Engulfing Candlestick Pattern Example

The engulfing pattern shows strength as market participants are completely reversing price action within the predefined timeframe. This pattern becomes even more reliable when it forms around previous highs or lows as traders often get trapped at these levels.

Outside Bar Reversal Case Study

Let’s walk through the above examples to understand the psychology behind this powerful signal and why it works!

In the first example there, the support line at the bottom end of the range held for several months until price managed to break and close below the level. The next week, price traded below the previous candle’s low (triggering sell stops)  and then closed above the previous candle’s highs. This signaled to us that breakout traders that shorted the lows were now trapped and upside was expected. In this example, the engulfing pattern signaled a trend continuation which led to plenty of upside potential.

The latter bearish example formed after an extended bullish run into resistance. The market had previously formed a bearish pinbar at this level and was now retesting the wick. After breaking above the previous candle’s high intraday, the session closed on the lows. Any traders that bought the breakout above the previous day highs were left holding the bag as price reversed lower  In this example, the engulfing pattern signaled a trend reversal as late longs puked their positions after the failed breakout.


Candlestick Patterns – The Inside Bar Pattern

The Inside Bar pattern is best used in trending markets as a trend continuation signal.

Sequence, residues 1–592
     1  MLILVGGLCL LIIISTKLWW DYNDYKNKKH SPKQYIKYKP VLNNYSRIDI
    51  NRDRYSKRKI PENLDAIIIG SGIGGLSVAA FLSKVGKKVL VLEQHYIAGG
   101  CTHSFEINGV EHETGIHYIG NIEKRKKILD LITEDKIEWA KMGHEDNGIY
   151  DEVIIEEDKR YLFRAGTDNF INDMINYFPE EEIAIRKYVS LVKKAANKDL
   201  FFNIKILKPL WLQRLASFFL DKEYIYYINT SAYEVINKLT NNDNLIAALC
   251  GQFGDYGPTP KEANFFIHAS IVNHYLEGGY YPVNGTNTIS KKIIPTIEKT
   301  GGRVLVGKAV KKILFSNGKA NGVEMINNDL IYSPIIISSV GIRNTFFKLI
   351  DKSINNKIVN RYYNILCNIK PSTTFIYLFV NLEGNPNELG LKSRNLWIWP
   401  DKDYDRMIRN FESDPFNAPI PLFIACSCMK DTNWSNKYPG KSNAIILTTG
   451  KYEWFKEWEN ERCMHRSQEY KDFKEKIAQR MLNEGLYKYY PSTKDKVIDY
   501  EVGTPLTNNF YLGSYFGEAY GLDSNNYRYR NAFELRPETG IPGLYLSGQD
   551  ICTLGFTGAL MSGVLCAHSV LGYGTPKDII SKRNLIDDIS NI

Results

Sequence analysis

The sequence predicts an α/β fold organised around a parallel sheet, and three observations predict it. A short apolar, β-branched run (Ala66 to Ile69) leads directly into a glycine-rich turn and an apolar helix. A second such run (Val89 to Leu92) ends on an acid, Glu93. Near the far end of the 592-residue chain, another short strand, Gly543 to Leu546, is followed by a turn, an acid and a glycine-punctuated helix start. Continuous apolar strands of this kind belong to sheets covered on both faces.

After a strong impulse move, a market will often consolidate (accumulation/distribution) within a range before the next explosive move.

This is a 2 candlestick setup and is characterized by a smaller “inside bar” candlestick who’s range is completely contained by the preceding larger “mother bar”.

The image below depicts a typically inside bar setup.

Inside Bar Example

Inside Bar Example

In the below example we have highlighted two inside bar setups on the daily chart of USD/JPY

Inside Bar Chart Example

Inside Bar Chart Example

The inside bar pattern helps traders locate low-risk entries to join the trend after a strong impulse move.

The setup becomes even stronger when there is a fake breakout of the inside bar against the direction of the trend.

With this in mind, a lot of trades place limits around the highs and lows of the “inside” bar candlestick and get squeezed out before the move happens. It is always recommended to wait for candlestick close to confirm the breakout instead of anticipating the move and joining the crowd of trapped traders by candle close.

Inside Bar Case Study

Let’s break down the above chart in order to understand the psychology behind this setup.

After bottoming out around $110, the USDJPY pair rallied higher making higher highs and higher lows. After a bullish breakout above $111.80, the market stalled for two days before exploding higher in the direction of the trend. During this breather, the market printed an inside bar pattern as highlighted in the black box. There was a fake breakout below the lows of the red candle and price rocketed higher closing on highs and signaling a trend continuation

The market reversed sharply after trading into the resistance zone highlighted in red. After 3 days of lower lows and lower highs, the market printed an inside bar pattern signaling a short-term breather in the bearish price action. Once the market traded back below the lows of the “mother” bar, the bearish momentum was back in play for potential shorting opportunities.


3 Most Reliable Candlestick Patterns – Conclusion

Before implementing these candlestick patterns in your trading, make sure to go through your favorite instrument and mark them on your charts.

Which setups worked? Which failed? Was there a pattern amongst the winner? What about the losers?

Professional trades not only know what to look for, but they also have case studies of historical examples to help filter the best opportunities in the future.

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The information contained in this post is solely for educational purposes, and does not constitute investment advice. The risk of trading in securities markets can be substantial. You should carefully consider if engaging in such activity is suitable to your own financial situation. TRADEPRO Academy is not responsible for any liabilities arising as a result of your market involvement or individual trade activities.